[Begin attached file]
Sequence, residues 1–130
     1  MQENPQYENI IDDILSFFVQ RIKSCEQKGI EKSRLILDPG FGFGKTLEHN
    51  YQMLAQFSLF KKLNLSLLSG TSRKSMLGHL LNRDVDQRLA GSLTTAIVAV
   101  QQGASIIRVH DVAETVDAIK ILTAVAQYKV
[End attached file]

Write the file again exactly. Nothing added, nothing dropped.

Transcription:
Sequence, residues 1–130
     1  MQENPQYENI IDDILSFFVQ RIKSCEQKGI EKSRLILDPG FGFGKTLEHN
    51  YQMLAQFSLF KKLNLSLLSG TSRKSMLGHL LNRDVDQRLA GSLTTAIVAV
   101  QQGASIIRVH DVAETVDAIK ILTAVAQYKV